Photo Credit: Steve Hiscock / Saskatoon Blades
Tanner Molendyk is a 2023 NHL Draft prospect and plays for the WHL’s Saskatoon Blades.
He’s originally from Kamloops, British Columbia and had played locally with the Thompson Blazers in his youth.
For the 2019-20 season, he joined the Yale Hockey Academy Prep U15 club and averaged 2 points a game. He led the CSSHL U15 league with the most points for a defenseman. Following the conclusion of season, he was drafted by the Saskatoon Blades with the #5th overall pick in the 2020 WHL Bantam Draft. Molendyk made his WHL debut the following season.
This past season, Molendyk played in 67 games for the Blades and recorded 37 points (9 goals and 28 assists). While the point totals are on the lower end compared to other 2023 NHL Draft eligible defensemen playing in the WHL (i.e. Luca Cagnoni and Lukas Dragicevic), his production became far more consistent in the latter half of this season. In the first half of the year, he was struggling with his shot and was trying more defense to defense (D to D) passing along the point then passing to the slot. But, his game evolved. I’ll explain more in the next section.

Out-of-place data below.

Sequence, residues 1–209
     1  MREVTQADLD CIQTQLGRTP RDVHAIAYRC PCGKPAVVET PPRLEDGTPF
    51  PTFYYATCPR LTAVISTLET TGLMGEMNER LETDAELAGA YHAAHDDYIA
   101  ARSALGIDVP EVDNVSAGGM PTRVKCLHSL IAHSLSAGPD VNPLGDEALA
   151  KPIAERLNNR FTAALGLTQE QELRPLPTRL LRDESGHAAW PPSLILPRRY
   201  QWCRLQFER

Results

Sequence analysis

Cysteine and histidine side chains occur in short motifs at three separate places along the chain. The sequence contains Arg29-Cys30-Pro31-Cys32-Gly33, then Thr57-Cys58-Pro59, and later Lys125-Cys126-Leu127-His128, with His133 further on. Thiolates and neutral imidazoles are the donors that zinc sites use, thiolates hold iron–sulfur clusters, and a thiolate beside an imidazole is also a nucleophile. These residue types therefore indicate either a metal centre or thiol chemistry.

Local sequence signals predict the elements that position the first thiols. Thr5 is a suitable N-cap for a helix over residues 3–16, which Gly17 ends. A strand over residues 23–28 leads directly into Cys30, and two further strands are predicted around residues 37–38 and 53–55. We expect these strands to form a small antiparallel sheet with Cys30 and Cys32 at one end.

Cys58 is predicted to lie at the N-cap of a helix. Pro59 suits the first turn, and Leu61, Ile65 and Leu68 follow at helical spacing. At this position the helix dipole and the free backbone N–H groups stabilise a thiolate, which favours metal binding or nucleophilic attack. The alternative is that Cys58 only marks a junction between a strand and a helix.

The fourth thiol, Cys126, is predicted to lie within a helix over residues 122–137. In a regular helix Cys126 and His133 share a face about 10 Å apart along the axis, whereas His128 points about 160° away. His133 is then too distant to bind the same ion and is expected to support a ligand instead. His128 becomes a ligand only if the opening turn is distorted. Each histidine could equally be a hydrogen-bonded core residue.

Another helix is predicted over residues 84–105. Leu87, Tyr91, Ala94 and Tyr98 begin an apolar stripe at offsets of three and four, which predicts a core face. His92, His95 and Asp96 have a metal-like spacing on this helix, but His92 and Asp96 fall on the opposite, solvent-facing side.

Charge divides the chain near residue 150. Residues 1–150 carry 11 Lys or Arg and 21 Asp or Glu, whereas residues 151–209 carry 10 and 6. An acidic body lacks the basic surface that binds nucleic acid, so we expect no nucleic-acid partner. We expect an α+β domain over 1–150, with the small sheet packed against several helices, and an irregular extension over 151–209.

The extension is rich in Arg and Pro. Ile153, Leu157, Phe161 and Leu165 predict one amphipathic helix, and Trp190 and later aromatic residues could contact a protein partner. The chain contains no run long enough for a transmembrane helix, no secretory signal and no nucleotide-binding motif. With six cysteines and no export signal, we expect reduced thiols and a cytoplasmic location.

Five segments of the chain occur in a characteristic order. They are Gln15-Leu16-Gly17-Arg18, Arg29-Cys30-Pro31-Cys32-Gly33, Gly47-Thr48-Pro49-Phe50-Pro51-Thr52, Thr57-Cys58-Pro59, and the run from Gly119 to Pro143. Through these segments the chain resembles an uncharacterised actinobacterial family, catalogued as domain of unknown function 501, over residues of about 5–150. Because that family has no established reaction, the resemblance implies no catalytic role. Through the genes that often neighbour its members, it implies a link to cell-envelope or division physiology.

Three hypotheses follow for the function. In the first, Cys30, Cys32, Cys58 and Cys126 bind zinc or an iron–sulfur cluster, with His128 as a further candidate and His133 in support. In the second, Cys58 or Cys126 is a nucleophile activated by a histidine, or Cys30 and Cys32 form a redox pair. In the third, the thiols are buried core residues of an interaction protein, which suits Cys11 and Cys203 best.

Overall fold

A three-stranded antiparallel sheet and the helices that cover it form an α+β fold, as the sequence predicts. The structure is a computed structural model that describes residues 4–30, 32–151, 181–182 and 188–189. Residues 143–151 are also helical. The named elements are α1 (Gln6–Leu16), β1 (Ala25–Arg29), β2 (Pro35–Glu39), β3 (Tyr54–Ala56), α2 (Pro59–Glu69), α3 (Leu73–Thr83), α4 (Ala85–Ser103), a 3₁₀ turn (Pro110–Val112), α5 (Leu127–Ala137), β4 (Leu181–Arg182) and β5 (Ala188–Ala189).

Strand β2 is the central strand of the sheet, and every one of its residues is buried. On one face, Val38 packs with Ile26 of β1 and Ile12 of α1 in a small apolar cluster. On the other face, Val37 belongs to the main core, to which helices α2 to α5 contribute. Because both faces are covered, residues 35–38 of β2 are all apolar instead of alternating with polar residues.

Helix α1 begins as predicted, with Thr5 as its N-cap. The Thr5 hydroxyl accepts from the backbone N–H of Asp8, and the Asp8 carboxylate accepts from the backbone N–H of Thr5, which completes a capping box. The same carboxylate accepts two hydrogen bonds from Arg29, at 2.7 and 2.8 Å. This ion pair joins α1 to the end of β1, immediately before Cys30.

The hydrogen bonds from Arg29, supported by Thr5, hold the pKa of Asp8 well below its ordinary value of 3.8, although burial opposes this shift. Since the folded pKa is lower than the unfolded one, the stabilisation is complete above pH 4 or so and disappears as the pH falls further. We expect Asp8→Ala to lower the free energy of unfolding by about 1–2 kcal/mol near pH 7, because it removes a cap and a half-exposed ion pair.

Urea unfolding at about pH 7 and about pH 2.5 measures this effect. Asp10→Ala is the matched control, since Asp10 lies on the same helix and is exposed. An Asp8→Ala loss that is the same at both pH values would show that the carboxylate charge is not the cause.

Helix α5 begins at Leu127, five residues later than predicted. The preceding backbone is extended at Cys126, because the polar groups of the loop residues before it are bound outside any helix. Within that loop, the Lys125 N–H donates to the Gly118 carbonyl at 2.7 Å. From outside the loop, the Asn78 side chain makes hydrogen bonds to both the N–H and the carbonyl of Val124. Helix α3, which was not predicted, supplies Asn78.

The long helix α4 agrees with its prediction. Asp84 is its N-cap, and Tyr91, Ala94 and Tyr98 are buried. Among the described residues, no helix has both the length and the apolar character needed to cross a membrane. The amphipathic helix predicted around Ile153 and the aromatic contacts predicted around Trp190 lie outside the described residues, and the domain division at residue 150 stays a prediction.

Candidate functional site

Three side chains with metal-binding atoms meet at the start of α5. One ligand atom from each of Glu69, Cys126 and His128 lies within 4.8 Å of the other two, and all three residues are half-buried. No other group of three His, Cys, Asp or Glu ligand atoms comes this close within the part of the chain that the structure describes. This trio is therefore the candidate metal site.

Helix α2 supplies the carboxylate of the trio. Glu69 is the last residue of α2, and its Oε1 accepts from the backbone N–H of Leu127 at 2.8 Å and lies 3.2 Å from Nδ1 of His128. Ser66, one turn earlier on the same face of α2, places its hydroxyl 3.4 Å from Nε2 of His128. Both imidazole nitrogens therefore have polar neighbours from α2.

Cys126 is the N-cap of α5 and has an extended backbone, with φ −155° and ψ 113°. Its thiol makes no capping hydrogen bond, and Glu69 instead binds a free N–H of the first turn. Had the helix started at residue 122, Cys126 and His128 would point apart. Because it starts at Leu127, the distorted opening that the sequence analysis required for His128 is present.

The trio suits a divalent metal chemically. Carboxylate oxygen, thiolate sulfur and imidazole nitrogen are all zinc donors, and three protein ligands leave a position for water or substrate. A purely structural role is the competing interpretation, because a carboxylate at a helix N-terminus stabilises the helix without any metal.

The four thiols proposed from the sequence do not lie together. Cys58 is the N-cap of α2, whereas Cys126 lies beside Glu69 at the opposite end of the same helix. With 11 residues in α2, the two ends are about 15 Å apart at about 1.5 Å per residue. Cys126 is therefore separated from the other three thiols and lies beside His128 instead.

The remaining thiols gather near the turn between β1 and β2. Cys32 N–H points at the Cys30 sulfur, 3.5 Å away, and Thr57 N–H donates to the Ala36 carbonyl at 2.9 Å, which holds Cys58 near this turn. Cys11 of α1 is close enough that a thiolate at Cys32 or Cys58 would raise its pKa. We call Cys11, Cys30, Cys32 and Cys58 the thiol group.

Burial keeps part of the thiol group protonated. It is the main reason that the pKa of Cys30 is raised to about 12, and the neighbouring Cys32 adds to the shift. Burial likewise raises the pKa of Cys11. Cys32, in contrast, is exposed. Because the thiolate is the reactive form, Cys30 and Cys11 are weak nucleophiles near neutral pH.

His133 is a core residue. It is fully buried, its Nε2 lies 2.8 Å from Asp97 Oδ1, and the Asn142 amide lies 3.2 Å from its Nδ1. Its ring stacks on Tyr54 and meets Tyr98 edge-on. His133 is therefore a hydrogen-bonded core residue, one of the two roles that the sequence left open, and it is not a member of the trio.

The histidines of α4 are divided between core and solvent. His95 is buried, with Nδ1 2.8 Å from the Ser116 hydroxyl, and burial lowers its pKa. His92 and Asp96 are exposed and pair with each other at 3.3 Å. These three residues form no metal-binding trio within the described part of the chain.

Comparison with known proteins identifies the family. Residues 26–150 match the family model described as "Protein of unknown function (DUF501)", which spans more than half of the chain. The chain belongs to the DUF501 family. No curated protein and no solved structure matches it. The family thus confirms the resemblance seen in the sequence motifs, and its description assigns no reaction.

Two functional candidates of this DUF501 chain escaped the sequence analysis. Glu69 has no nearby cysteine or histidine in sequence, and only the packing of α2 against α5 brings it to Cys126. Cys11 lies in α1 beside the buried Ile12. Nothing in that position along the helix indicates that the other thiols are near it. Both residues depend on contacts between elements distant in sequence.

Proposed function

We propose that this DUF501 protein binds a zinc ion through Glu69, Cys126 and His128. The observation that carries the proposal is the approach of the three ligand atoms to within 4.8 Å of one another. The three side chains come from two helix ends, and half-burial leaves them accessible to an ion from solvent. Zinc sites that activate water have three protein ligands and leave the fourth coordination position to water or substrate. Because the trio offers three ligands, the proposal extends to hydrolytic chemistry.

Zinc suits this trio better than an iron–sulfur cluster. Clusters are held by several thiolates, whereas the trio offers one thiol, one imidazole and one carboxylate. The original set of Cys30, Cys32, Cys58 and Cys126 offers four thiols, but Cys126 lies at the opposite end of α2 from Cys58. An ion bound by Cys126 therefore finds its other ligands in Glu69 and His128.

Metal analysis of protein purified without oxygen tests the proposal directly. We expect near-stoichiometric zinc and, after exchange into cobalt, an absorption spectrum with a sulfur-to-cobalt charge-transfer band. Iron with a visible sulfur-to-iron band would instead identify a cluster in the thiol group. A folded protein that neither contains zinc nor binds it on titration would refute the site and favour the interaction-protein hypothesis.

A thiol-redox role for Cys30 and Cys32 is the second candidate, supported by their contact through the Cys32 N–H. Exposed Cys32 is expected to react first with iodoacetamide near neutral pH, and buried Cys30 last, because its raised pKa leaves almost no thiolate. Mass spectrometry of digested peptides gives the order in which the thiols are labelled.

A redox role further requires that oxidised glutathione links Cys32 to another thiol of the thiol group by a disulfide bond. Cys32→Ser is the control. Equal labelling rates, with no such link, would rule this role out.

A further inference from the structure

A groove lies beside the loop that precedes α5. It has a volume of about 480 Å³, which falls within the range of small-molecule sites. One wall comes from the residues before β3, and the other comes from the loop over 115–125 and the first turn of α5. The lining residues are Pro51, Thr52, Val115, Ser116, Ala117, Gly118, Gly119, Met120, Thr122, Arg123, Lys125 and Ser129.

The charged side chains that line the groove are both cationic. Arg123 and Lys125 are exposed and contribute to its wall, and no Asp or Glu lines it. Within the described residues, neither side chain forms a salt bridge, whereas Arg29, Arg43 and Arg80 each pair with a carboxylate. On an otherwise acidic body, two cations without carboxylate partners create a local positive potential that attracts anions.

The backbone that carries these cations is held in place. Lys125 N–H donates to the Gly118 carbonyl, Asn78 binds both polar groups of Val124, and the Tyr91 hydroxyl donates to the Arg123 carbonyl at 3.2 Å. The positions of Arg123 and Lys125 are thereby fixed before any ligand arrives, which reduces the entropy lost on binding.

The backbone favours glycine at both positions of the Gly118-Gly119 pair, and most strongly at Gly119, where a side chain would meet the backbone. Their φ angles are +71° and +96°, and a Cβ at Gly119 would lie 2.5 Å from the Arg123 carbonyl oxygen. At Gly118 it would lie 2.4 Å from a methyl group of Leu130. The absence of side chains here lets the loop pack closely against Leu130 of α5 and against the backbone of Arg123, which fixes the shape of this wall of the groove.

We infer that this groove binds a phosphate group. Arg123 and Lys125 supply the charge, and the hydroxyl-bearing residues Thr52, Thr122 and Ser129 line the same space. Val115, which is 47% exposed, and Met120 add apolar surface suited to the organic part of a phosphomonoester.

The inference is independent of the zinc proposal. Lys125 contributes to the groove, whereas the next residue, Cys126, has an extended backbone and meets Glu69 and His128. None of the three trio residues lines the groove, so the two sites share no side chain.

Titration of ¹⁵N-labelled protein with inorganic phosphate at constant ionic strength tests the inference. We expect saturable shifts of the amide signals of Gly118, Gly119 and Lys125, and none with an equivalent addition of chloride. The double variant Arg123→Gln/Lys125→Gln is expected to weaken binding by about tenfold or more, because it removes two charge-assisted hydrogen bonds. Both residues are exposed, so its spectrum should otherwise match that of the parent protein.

D.O.B – February 3, 2005
Nationality – Canada
Draft Eligibility – 2023
Weight –176 lbs
Position – Defense
Handedness – Left
Molendyk’s Style of Play
Molendyk is mobile, shifty and implements good crossovers to change his positioning laterally. When he has the puck on his stick in the offensive zone, he will use those crossovers to create separation for shooting and passing lanes.